Grant from ECF helps PolicyWise provide practical research to better deliver community services online
As an organization with a mission to get practical, actionable research into the hands of social services groups and government officials, PolicyWise has a unique view of the pandemic. With the help of $35,000 from Edmonton Community Foundation (ECF), they spent much of the summer and fall surveying front-line agencies across the province, with the goal of improving online delivery of services that were almost exclusively face-to-face pre-COVID.
From this broad base, they have hit on what might be a universal rule of community support: Whatever you’re doing, and however you’re doing it, it’s about making sure people feel truly connected, but to you and their wider communities.
“People and relationships are always at the heart of the work non-profits do,” explains Carley Piatt, project manager of PolicyWise’s new report, Pivoting to Online Programming During COVID-19. “It’s always about connection, and it doesn’t really matter which way. The challenge through the pandemic has been in exploring and staying in touch in creative ways.”
The report collects some of the best practices service providers have found, synthesizing them into techniques and tricks that PolicyWise hopes organizations can start implementing in more systematic ways.
“ECF was excited to support this research as we take the lessons learned during the pandemic and carry that knowledge forward to strengthen the nonprofit sector in the future,” Nneka Otogbolu, ECF’s Director of Communications and Equity Strategy, says.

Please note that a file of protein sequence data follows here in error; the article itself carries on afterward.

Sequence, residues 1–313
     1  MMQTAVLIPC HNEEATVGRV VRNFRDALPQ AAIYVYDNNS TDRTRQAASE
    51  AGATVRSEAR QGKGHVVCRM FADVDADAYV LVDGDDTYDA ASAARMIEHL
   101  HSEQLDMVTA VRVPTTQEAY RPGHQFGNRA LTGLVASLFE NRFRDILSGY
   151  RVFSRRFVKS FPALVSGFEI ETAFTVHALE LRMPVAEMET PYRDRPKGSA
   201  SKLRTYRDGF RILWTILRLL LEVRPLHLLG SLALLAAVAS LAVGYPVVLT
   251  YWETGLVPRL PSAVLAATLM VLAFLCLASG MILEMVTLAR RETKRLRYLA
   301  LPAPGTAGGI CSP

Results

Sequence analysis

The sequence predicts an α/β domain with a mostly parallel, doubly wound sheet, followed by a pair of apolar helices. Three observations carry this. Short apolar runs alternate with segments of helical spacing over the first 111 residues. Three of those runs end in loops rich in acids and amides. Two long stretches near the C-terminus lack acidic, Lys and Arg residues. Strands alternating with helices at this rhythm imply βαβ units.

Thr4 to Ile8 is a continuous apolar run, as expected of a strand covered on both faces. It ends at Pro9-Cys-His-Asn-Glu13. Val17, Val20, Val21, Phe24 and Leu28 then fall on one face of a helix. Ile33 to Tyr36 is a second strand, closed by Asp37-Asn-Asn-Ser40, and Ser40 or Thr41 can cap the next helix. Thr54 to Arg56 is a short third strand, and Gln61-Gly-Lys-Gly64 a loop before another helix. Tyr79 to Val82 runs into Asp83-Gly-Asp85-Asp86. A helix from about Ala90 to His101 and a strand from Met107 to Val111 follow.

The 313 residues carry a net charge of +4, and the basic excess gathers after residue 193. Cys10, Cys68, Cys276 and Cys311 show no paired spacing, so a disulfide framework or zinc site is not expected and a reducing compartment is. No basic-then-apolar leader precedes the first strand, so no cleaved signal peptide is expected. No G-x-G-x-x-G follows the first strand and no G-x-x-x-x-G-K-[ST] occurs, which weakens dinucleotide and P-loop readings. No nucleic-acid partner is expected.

Though it has undeniably been a challenging time, with the transition often as difficult for organizations trying to provide services as it is for people attempting to access them, the need for rapid response and constant readjustment has at least given these groups plenty of experience in a very short while.
“Everyone was in the deep end the entire time,” says Piatt. “Things happened faster and we learned more, because if something wasn’t working one week, they had to try something new the next week.”
Piatt also indicates that some of what’s come to light from adapting to COVID can and will be used after the pandemic. As long as you can maintain that crucial relationship, online and other forms of distant connection do allow organizations to reach communities that face physical barriers.
“It has allowed people to participate in new ways,” says Piatt. “You can connect with rural people, people with mobility issues, family issues — people can access these things on their own time in their own way, and that’s something that can carry over after the pandemic.”
Though it’s hardly the learning environment anyone would have chosen, the work that PolicyWise highlights could have a silver lining for the city’s non-profit service providers for a long time to come.
Learn more about ECF’s COVID-19 response.